All times are UTC




Post new topic Reply to topic  [ 1 post ] 
Author Message
 Post subject: In the maze of immigration policies
Post Number:#1  PostPosted: 22 Dec 2011 10:31 
Offline
Moderator
User avatar

Joined: 25 Oct 2008
Last Visit: 23 Jan 2020 07:24
Posts: 807
Location: UK
Gender: Male
Status: Married
Her/His Country: UK
Times_to_FSU: Many times
In the maze of immigration policies

Against the background of the Norway massacre, Europe has become engrossed in discussions about immigration. Should or shouldn’t foreigners be allowed in Europe? And if they should, then under what conditions? What to do with those who are already there and on the European welfare, but refuse to live by the European laws?

For a long time, neither the public nor politicians realized that the Soviet model of international friendship could exist solely in certain political and economic conditions. The Soviet government harshly suppressed any manifestations of nationalism. And population mobility (and therefore points of contact of various nationalities) was very limited. Of course, national diasporas have long existed in large Russian cities. But these were small ethnic groups, rather than streams of immigrants. Representatives of national diasporas gladly positioned themselves as “Muscovite Georgians,” “Muscovite Armenians,” or “Muscovite Baku-natives.” They spent decades living in Russian society, studied in Russian schools and universities, read the same literature as Russians, and while maintaining some of the “sharp” attributes of national identity, they harmoniously (in terms of clothing, behavior and culture) blended into the international urban culture.

As paradoxical as it may be, the Soviet internationalism was significantly affected by the enforced communist atheism. The government suppressed religion in schools, universities and at work. Under atheist pressure, Orthodox Christians were not particularly demonstrative of their Christian crosses, and Muslims of their Islamic traditions and clothing.

With the collapse of the Soviet Union, the situation changed. Instead of sparse “national construction,” Russia has come to face mass migration. During the Soviet times, there was a popular belief that the Soviet Socialist republics were “feeding Moscow.” The life of the breakaway states has put everything in perspective. It became clear as to who was feeding whom. Masses of unemployed, poorly educated and low-income residents surged to Russia from the breakaway republics.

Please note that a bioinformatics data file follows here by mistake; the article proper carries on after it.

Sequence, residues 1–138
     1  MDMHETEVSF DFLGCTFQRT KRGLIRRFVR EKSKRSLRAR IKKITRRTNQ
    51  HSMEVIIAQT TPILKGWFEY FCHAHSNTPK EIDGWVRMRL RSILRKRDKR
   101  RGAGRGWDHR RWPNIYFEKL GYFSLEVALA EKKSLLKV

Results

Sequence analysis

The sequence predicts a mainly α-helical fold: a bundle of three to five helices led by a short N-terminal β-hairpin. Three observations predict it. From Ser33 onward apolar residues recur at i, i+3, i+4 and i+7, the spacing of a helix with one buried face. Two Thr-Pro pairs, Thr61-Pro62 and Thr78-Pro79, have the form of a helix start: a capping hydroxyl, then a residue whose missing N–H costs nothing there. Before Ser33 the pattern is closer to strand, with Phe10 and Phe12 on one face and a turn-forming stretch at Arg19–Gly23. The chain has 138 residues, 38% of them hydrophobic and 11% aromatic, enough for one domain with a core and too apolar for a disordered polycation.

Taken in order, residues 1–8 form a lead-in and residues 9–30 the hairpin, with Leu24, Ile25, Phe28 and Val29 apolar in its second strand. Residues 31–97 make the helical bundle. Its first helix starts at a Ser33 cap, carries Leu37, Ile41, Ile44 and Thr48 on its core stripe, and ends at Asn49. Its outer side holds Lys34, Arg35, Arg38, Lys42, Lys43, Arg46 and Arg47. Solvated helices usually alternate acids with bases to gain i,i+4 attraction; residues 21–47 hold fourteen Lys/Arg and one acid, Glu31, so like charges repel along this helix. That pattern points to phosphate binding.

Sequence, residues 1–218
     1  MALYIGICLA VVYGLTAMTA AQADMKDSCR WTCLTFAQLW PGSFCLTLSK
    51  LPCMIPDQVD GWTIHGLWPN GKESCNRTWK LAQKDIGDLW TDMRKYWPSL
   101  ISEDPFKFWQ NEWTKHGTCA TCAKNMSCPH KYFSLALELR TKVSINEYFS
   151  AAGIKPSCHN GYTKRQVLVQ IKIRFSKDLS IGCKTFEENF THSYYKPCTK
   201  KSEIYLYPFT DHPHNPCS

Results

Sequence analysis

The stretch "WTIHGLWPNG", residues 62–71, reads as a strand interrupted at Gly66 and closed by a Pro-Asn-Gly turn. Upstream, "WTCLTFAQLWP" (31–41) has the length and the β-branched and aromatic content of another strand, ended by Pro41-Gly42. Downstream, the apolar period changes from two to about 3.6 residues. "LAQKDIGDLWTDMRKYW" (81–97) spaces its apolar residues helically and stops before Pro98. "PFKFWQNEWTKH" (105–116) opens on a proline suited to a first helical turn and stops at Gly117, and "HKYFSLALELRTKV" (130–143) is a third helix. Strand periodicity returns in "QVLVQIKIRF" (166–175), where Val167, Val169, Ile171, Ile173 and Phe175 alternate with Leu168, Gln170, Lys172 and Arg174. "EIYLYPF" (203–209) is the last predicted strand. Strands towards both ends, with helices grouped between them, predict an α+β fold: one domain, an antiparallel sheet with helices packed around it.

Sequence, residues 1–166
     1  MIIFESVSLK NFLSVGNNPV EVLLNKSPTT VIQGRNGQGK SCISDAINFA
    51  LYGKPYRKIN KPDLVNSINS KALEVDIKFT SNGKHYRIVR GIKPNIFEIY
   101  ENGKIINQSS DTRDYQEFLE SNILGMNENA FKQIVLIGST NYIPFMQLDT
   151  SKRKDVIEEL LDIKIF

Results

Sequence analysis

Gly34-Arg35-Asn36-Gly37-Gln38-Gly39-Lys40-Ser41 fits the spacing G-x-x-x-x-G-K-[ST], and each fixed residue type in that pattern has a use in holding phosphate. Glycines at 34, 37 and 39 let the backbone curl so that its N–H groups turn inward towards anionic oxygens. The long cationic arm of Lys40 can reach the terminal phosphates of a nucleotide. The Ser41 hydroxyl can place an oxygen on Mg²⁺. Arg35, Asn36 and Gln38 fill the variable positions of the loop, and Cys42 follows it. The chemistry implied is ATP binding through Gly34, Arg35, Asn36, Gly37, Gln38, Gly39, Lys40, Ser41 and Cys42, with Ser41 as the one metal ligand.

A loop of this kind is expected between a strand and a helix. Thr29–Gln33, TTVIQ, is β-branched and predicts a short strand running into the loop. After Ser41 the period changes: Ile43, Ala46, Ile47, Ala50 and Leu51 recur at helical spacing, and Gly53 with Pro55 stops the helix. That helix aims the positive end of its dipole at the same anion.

Authors of the new immigration policy concept are trying to find answers to the pressing questions. Do we need immigrants? If so, how many? If they are allowed into the country, then under what conditions? Some of the answers are obvious. Russia is experiencing a dangerous demographic collapse. Even our sluggish capitalism lacks manpower. Russia has already admitted 8 million visitors. In the next 10-15 years, specialists estimate, the country will need at least 8 million more newcomers. If Russia closes its gates, they say, we will be left without construction workers, drivers, porters, janitors and vendors.

The drama of the situation lies in the fact that scientists and specialists are emigrating from Russia to the Western states. These are professionals in the highest demand. In exchange, we are receiving uneducated people, without a profession, and often without the knowledge of the language. Urban dwellers leave Russia, and are usually replaced by rural residents. Russians easily fit into Europe’s daily, cultural and political context because they belong to a civilization that shares common Christian roots. Immigrants to Russia have a hard time adapting – and often, fail to adapt altogether.

While trying to find ways to overcome mutual estrangement, authors of this perspective talk about the necessity of “qualitative selection of newcomers.” But out of political correctness, they fail to mention that not only are we admitting uneducated people, but people with different civilizational roots. It is hard for them to fit into Russia’s cultural, ethical and everyday context. They often see this context not only as being foreign, but also hostile.

There are other contradictions as well. Russian capitalism, which idly feeds on oil and gas, does not need qualitative migration. At the current stage of development, which encompasses corruption and theft, it needs costless hands and wordless mouths, incapable of any social protest. This means that the new immigration concept will turn into verbal drills of the intellectuals, frightened by Breivik’s massacre in Oslo.

To this intellectual accompaniment, through corrupted channels, millions of registered and nonregistered migrants will flow to Russia. They will work at our construction sites, underground shops and markets for pennies. They will live in abandoned housing, bribe inspectors and flee from the local police. Thus, they will be accumulating resentment and depression. The tragedy is in the fact that they will not be resentful of the greedy Russian capitalism and the heavy-footed government. Instead, they will hold a grudge against the Russian world. They will reject this world. And we will, with horror, be following the chronicles of the recent events in such an incredibly happy country as Norway.

From RT: By Vyacheslav Kostikov - RT


 Profile  
 
Display posts from previous:  Sort by  
Post new topic Reply to topic  [ 1 post ] 

All times are UTC


Who is online

Registered users: Google [Bot]


You cannot post new topics in this forum
You cannot reply to topics in this forum
You cannot edit your posts in this forum
You cannot delete your posts in this forum
You cannot post attachments in this forum

Jump to:  
Powered by phpBB